To learn how to share code between projects you should take small steps. The first one certainly is that you must learn how to extract the potentially commonly used code into a separate unit (or units). In the next project simply copy this unit into the project folder and try to call these exported procedures - only if you had been able to extract the code such that it does not have any dependence on the first project this will be successful.

Then, when you found this to work, create a package and add these shared units to the package, as Martin has told you. Make a copy of your old projects and delete the shared units from the project folder, but add the package to the requirements of the projects - this way you can access the shared units without explicitly specifying where they are.

When all this works you did great progress. Only now - after you mastered the most part of the Lazarus/FPC basics - you can think of learning how to work with version control systems (git, svn, hg)...

Thank you for that bit of advice.  I'm not new exactly to programming - I've dabbled a little bit in VB.NET, done some access programming, some PHP etc.  So I understand the basics.  I've also worked a tiny bit with Git before in VS-Code when I was working on some php stuff but really only within the confines of the features of the IDE.  I'm newer to Lazarus than anything - Pascal is not entirely new to me as I took a class on it in college and I absolutely loved the language - it was my favorite programming class out of all of them.  For my career I am an IT consultant so I'm technical minded but I got burned out with programming in .net.  It always seemed like just about the time I was learning something Microsoft changed how they were doing this - specifically data access - originally with VB then .net brought it's new additions, then lync and entities .. finally I just said I'm done.  Then I learned about Lazarus and Delphi and decided to start learning and that's where I'm at now.

I have successfully written what I feel is a somewhat advanced project - a computer (and team) version of Ellen DeGeneres's Heads Up! game.  It is different in that two to four teams of people can play and the words are displayed on a TV.  We are doing a test run of the game tonight in fact at our youth group to see how it goes. 

Hope that gives more of an idea of my current status.
Rich

PierceNg

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Re: Reusable personal code libraries
« Reply #12 on: May 12, 2021, 02:57:35 am »
I've also worked a tiny bit with Git before in VS-Code when I was working on some php stuff but really only within the confines of the features of the IDE.

For Git, I suggest that you get familiar with the handful of basic commands from the CLI - add, status, commit, push, etc - then look into IDE integration. This is so that, in case you hit IDE-Git integration bugs, it is easier to figure out what went wrong and how to recover using the CLI because you are already familiar with what Git is doing.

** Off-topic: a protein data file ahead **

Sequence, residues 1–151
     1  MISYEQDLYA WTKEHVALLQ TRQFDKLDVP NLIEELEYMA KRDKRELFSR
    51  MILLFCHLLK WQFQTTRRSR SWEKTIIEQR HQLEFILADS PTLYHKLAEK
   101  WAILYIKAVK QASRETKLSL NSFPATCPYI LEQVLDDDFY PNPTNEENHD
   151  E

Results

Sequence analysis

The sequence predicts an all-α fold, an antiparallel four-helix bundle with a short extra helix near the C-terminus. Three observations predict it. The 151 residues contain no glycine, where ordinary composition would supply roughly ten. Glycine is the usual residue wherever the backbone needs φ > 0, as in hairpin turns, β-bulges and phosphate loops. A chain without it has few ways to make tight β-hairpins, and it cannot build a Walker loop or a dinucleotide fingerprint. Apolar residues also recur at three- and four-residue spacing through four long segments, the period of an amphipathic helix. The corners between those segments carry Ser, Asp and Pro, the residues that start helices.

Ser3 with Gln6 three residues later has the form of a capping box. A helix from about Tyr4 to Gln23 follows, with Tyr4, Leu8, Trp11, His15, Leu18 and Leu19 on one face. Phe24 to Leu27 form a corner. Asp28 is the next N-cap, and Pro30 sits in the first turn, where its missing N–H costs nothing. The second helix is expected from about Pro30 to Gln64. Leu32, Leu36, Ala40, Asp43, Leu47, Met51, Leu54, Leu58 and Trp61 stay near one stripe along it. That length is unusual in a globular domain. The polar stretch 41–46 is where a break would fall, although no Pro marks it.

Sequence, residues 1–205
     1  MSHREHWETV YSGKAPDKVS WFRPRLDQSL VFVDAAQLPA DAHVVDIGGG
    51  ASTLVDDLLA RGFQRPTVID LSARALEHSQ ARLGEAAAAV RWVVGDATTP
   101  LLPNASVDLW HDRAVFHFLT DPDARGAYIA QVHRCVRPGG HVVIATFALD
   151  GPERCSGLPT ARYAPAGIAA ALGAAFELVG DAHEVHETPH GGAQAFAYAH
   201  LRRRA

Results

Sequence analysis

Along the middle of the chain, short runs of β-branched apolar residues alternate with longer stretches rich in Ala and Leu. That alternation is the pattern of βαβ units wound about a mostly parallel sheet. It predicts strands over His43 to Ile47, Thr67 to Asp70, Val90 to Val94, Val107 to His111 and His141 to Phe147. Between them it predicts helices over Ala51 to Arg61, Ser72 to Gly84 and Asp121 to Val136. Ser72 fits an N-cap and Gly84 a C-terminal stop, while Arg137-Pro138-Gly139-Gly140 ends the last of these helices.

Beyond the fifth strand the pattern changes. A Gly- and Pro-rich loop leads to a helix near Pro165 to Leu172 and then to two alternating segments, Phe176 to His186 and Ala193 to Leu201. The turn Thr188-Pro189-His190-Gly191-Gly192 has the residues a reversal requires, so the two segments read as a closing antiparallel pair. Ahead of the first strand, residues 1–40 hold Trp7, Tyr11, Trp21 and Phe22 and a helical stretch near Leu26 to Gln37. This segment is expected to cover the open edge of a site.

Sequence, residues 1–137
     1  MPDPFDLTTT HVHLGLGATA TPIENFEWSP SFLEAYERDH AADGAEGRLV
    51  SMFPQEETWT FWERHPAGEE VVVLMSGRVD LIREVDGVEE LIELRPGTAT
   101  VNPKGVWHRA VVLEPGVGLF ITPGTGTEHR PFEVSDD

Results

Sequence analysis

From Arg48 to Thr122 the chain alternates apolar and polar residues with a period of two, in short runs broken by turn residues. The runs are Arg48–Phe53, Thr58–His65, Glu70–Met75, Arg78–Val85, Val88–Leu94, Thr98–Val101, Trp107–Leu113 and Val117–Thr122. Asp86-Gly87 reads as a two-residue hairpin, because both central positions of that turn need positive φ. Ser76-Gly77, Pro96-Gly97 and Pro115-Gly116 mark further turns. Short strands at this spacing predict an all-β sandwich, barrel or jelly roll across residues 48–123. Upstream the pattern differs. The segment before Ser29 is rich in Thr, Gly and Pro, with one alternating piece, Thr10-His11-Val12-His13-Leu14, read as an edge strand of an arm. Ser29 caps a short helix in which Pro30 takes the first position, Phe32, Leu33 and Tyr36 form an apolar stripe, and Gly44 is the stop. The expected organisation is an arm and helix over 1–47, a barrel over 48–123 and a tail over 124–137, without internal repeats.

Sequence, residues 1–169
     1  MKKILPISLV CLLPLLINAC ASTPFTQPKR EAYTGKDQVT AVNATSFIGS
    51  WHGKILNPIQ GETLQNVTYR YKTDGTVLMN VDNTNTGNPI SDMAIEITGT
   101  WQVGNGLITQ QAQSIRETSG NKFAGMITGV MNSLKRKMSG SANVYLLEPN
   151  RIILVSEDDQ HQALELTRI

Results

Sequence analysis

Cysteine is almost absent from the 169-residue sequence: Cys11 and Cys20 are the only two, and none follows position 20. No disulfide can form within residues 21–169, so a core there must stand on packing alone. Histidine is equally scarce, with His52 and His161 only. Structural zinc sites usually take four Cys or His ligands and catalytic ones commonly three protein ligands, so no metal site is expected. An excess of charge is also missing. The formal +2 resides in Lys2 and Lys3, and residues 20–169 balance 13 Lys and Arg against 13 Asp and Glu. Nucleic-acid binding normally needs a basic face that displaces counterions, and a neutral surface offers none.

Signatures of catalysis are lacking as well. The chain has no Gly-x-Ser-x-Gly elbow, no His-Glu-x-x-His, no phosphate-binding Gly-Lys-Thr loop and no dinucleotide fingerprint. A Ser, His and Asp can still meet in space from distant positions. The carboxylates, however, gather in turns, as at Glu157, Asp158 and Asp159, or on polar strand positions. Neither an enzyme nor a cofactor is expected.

When you want to go beyond Git on a single computer, you could use Github or a lookalike. I use a Gitea https://gitea.io/ running on a Raspberry Pi at home. It comes as a single executable.

Mr.Madguy

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Re: Reusable personal code libraries
« Reply #13 on: May 12, 2021, 06:19:11 am »
I'm Win-style programmer and I'm from that time, when disk/RAM consumption mattered. So, not only sources, but binaries should have been reusable. Concept of "solid" applications, i.e. applications, that always include it's whole code, because one always has all sources, is new for me. I need to get used to it. So, I would suggest making DLL or SO.
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It's time to finally do it, because Delphi 2009 is 12 years old.

MarkMLl

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Re: Reusable personal code libraries
« Reply #14 on: May 12, 2021, 05:03:44 pm »
(Subversion) can be built without the massive overhead (and complexity) of Apache... I'm sure I stuffed that in the wiki somewhere but I'm blowed if I can find it :-/

The version I've used to good effect for an extended period is 1.6.16, the source comes in two files from https://archive.apache.org/dist/subversion/ with minimal external dependencies and if it doesn't find a suitable database it uses its own "FSFS" backend. Unfortunately the SSL API has changed since I last built it, and so far I don't see an easy workaround.

It does appear that at least some OSes bundle svnserve and svnadmin in with the client utilities, and that they can be started up with a bit of systemd arcana.

MarkMLl

Turbo Pascal v1 on CCP/M-86, multitasking with LAN and graphics in 128Kb.
Pet hate: people who boast about the size and sophistication of their computer.
GitHub repositories: https://github.com/MarkMLl?tab=repositories